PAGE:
At this point we will do well to remember that Jorge Lorenzo lost his number 1 plate to Casey Stoner last year but he was never bitter (at least outwardly) and has been very complimentary about the man.
Even at the beginning of this year when in preseason tests, Casey Stoner has gone faster than anyone and when Lorenzo was asked about this he said “Casey is fast on anything. He will go very fast even if you give him a cycle”. Anyone who understands competition will understand that these things are very difficult to say when you are talking about a competitor. Rossi’s good humour always evaporated when he was put on the back foot but Lorenzo in saying what he did showed a side to his persona which I certainly did not think existed.
So now to ask ourselves the question is this the real Lorenzo or has he been coached by some PR managers to say the right things and do the things that are considered right? I am sure that I can never answer that question for you or for myself. But I am equally sure that even the worst case scenario (which is that Lorenzo is only parrotting all the things that have been taught to him) Lorenzo has demonstrated that he is at least sensible and reasonable to understand that his image needed mending. Now that in itself is not such a bad thing. I am beginning to like Lorenzo, that much you must have gathered by now. I do not know if I will actually become his fan. But I like the fact that he rode around the Buddh International Circuit on an R15 and said that he wants to race in India. I like the fact that he rides a Yamaha, my favourite marque after Kawasaki. Now if he only stopped that habit of planting blag Lorenzo’s Land flags.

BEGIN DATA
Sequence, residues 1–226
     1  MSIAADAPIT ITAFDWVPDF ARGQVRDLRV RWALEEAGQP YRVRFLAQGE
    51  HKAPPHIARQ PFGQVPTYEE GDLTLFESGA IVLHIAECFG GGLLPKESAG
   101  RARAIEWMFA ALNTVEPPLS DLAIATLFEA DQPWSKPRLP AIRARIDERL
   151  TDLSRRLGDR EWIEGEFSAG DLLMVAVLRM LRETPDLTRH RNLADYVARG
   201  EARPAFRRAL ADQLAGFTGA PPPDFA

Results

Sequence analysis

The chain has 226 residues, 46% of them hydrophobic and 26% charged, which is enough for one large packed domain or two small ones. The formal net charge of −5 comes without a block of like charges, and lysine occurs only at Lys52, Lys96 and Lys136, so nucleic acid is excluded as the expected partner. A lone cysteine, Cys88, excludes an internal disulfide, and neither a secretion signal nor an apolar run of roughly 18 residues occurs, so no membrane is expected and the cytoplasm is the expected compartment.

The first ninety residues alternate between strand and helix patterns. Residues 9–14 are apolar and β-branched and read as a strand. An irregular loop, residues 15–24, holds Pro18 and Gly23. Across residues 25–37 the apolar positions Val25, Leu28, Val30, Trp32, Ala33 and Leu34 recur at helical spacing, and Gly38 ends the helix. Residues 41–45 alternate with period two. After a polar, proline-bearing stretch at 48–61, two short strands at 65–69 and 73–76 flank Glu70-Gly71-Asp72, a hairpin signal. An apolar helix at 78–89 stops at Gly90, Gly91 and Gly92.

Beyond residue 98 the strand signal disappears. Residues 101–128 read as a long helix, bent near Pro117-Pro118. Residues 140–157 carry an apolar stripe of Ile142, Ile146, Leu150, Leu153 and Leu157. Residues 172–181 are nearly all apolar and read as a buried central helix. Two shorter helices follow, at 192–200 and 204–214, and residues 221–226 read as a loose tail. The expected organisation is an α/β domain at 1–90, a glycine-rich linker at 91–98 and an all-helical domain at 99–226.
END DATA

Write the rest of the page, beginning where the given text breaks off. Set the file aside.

Who knows, he may actually have genuine fans outside of Spain and I could be one of them. I will tell myself that he is at least not a barbarian like Casey Stoner whose hobby is hunting animals with a bow and arrow. Stoner is a great rider but there is no taking away that hunting and that too with a bow and arrow is barbaric. Only white skinned, idiot journalists find that a symbol of simplicity and cuteness. Yeah this year, I am settling for Lorenzo. He’d better not let me down. Otherwise you know what fans can do when they get disillusioned. If you do not get what I am saying I strongly suggest you see the deranged fan that Robert De Niro plays in the movie “The Fan”.